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British Colonisation of Australia in 1788 - Year 9 History Assignment

Causes and effects

Anni+Bella The Great

on 28 April 2011

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Transcript of British Colonisation of Australia in 1788 - Year 9 History Assignment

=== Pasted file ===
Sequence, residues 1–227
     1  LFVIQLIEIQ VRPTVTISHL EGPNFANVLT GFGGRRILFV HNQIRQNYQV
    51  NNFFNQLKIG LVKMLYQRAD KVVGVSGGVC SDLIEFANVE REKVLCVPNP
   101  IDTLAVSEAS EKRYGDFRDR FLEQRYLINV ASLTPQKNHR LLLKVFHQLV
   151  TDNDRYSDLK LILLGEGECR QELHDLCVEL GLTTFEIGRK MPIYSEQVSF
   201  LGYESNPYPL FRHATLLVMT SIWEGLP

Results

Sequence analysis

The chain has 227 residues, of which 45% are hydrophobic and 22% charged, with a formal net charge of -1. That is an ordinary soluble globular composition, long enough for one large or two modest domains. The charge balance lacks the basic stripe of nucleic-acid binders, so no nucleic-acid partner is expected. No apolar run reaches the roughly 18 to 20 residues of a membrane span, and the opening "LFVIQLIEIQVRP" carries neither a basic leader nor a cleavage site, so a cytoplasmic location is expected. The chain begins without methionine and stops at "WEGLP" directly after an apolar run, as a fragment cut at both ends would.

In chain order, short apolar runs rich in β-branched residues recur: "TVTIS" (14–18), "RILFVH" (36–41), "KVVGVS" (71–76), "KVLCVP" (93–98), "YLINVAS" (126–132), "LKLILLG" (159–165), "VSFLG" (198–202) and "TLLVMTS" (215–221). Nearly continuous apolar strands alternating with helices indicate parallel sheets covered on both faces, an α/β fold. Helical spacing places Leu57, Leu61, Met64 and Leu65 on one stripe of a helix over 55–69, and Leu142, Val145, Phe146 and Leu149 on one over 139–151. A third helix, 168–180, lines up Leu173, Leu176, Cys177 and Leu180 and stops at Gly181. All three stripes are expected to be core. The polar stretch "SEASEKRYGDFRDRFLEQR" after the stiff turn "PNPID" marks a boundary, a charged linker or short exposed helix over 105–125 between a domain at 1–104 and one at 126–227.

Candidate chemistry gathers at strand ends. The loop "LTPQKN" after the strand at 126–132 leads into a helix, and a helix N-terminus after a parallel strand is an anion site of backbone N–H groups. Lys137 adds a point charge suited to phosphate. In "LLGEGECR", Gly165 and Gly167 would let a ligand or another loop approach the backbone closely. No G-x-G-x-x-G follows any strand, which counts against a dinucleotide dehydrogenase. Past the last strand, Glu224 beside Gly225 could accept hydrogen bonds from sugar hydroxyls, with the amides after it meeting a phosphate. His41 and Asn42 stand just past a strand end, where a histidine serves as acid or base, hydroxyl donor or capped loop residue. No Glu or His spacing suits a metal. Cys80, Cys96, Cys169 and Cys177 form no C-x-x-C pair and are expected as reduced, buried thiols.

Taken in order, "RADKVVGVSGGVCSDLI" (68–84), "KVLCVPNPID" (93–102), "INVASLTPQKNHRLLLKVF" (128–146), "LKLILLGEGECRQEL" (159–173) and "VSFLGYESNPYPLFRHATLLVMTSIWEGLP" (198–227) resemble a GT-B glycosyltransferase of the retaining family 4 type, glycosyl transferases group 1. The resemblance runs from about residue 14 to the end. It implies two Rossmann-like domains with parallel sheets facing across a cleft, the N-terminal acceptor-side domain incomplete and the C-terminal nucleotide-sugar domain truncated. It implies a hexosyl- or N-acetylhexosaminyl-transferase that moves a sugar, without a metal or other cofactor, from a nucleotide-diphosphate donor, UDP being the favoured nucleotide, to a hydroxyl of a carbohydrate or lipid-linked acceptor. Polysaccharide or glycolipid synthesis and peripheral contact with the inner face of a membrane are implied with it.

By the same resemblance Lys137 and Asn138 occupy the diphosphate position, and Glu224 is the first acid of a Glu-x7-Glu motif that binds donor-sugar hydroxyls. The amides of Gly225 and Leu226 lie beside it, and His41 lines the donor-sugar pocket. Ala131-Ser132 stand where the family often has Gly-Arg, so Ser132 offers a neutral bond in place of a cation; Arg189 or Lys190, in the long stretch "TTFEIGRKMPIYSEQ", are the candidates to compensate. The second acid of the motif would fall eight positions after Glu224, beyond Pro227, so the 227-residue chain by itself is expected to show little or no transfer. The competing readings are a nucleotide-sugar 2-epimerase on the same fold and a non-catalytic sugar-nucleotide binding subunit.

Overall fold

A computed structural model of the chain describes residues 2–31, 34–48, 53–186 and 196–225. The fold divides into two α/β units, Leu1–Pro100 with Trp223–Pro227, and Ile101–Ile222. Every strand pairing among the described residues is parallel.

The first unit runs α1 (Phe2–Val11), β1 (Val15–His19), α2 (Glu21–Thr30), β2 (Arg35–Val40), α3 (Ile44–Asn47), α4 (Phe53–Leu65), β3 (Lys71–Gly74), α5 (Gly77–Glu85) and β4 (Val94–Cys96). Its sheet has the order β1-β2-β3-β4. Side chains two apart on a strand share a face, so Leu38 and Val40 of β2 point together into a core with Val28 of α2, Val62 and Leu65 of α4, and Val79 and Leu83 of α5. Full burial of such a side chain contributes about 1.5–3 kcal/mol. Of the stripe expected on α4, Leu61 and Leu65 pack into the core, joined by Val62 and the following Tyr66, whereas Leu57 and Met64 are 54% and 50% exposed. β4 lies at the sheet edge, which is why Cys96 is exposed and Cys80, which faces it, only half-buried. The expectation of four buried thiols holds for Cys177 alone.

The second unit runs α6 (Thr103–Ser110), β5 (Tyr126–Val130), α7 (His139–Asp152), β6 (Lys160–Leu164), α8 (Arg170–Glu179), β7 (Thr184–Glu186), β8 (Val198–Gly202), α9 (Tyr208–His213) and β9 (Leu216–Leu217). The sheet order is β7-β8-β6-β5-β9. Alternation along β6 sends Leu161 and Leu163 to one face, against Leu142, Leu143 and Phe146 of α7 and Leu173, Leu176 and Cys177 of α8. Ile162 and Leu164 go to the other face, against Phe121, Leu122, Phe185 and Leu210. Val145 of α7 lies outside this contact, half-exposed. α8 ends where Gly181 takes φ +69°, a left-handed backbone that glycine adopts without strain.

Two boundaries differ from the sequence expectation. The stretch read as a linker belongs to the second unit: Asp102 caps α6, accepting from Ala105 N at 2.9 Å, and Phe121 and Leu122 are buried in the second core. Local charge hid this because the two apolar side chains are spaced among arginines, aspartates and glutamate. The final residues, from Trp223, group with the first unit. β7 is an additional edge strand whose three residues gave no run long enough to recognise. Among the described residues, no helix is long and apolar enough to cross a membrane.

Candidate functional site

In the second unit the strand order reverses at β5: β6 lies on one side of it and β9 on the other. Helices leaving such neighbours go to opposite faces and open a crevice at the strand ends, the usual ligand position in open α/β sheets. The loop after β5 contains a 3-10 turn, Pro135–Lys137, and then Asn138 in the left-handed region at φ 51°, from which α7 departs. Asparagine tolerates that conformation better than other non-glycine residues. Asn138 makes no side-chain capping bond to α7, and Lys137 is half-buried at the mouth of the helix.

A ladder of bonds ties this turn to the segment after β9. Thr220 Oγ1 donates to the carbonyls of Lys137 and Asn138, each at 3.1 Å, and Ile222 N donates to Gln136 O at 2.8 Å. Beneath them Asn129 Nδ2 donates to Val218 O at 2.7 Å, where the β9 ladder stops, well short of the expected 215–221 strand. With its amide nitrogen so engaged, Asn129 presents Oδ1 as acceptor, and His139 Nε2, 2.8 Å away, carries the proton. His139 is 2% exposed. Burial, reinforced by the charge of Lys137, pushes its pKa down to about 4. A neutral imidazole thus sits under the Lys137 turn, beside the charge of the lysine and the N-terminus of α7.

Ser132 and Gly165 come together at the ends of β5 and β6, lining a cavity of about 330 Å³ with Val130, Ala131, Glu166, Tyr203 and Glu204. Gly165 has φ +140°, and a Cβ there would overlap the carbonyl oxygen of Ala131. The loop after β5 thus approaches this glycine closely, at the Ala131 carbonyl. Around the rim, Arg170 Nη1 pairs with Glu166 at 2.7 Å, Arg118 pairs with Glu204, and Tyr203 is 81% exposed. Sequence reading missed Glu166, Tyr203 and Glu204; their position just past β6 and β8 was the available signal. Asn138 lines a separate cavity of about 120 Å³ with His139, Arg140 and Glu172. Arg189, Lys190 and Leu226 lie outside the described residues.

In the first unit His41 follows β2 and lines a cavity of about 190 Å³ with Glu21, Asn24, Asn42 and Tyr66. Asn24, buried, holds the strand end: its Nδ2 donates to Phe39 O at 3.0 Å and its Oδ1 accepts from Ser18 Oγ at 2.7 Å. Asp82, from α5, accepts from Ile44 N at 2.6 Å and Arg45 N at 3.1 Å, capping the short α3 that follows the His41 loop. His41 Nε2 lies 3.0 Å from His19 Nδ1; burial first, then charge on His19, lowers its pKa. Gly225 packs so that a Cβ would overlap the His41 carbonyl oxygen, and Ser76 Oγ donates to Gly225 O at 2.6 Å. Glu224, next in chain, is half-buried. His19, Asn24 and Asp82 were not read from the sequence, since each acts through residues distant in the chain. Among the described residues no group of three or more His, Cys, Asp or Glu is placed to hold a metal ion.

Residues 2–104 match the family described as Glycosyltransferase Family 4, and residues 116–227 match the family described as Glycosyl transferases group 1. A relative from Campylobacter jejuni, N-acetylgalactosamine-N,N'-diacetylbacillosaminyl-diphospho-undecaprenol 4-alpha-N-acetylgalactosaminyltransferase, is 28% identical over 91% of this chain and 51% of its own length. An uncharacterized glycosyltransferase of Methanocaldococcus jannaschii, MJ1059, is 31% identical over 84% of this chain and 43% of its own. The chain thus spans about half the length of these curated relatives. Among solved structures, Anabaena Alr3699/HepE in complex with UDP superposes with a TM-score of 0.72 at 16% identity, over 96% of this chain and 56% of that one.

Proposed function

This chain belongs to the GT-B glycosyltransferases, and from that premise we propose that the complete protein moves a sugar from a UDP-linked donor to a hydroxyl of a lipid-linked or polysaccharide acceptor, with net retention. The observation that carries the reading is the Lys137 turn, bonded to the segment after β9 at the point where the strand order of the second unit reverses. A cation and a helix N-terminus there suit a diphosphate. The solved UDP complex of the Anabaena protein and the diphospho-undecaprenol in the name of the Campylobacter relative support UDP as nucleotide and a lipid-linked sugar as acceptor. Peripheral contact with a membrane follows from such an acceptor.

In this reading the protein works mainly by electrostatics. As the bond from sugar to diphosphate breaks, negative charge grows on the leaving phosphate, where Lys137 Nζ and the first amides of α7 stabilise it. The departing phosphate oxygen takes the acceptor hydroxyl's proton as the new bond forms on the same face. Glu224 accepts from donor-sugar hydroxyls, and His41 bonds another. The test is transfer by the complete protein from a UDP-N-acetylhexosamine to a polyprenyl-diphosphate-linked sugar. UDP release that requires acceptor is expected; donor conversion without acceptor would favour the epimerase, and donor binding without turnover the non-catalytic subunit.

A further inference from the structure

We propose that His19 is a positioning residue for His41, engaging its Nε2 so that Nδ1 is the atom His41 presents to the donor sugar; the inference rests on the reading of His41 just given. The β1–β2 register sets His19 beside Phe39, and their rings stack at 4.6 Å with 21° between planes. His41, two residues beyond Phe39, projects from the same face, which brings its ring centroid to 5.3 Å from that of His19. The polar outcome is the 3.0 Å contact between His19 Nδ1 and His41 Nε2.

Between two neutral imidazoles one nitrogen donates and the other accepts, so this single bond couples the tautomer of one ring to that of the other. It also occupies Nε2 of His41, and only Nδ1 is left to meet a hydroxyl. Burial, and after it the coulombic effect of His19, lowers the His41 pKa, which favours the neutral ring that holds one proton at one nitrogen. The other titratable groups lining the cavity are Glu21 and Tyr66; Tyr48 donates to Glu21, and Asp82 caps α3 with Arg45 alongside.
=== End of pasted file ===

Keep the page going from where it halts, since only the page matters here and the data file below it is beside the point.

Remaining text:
British Colonisation of Australia in 1788 Causes Effects Social Political Economical Political Social Economic As the British settled inland, the Aborigines began to lose everything; hunting ground, watering holes, etc. Aborigines suffered from the effects of alchohol and many were injured or killed fighting against the British. According to Captain James Cook, as recorded in the Journal of the First Voyage, “The Eastern side is not that barren and miserable Counrty that Dampier and others have described the Western side to be... In this Extensive Country it can never be doubted but what most sorts of Grain, Fruits, Roots etc. of every kind would flourish here were they one brought hither planted and cultivated...”His words imply that Australia was good for planting and cultivating grains, roots, fruits and more, which is one reason that the British may have been intrested in colonising Australia. British Causes Effects Political Economic Social Social Political Economic According to Captain Cooks Journal of the First Voyage: “The Eastern side is not that barren and miserable Counrty that Dampier and others have described the Western side to be... In this Extensive Country it can never be doubted but what most sorts of Grain, Fruits, Roots etc. of every kind would flourish here were they one brought hither planted and cultivated...” This suggest that Great Britain believed Australia would be good to plant and cultivate a numerous amount of grains, plants and roots, this fact also suggests that Australia was fit for colonisation. As the world was largley unexplored, Great Britain wanted to be the first to discover and colonise a lot of it, such as Australia. If Great Britain colonised Australia it would make them a much more powerful, stronger Empire. Colonisation year 9 Hisory Assignment Isabella Miles and Annelise Cron Great Britain wanted to trade with the countries close to Australia. As stated in the Lord Sydney Document of the First Fleet, in 1788: “... considerable advantage will arise from the cultivation of the new Zealand hemp or flax-plant... most of the Asiatic production may also without doubt be cultivated in the new settlement...” this shows that Great Britain was keen to trade with the countries close to Australia. According to a letter from Sir Joseph Banks to a House of Commons Committee from 1779; “...the country was well supplied with water; there was abundance of timber and fuel, sufficient fro any number of buildings which might be necessary... if the people formed among themselves a Civil Government, they would certainly increase and find occasion for many European Commodities; and it was not doubted, that a tract of land such as New Holland, which was larger than the whole of Europe, would furnish matter of advantageous return.” This letters clearly states that Great Britain believed Australia was perfect for colonising. Great Britain believed Australia not only would be good for importing foods to cultivate and grow, but also animals. According to a letter from Sir Joseph Banks to a House of Commons Committee from 1779; “...he did not doubt that our Oxen and sheep if carried their, would thrive and increase... The grass was long and luxuriant, and there were some eatable vegetables, particularly a sort of wild spinage; the country was well supplied with water...” this shows that Australia was thought to be equiped for farming animals and that Great Britain planned to transport sheep and Oxen to Australia for farming. At the time the authorities wanted to cultivate and plant roots, grains and fruits and they also wanted to get rid of all the convicts, so they came up with an idea that effectively solved both problems. They would send the convicts to Australia where they would cultivate and grow food for Britain during their sentence. Britain had an urgent need to find space for the nations prisoners as crime was becoming a serious problem. There was a large lower class that had no financial assistance from the government, there was no organised police force and cities such as London were fast becoming overcrowded. Imprisonment was also used for punishing people who were in debt and would pay their bills, which was also a growing issue at the time. The authorities were afraid of the growing lawlessness in the cities so they implied harsher laws and penalties for those who committed crimes. This only made the issue worse as more people were penalised for stealing items such as a loaf of bread to feed their starving family.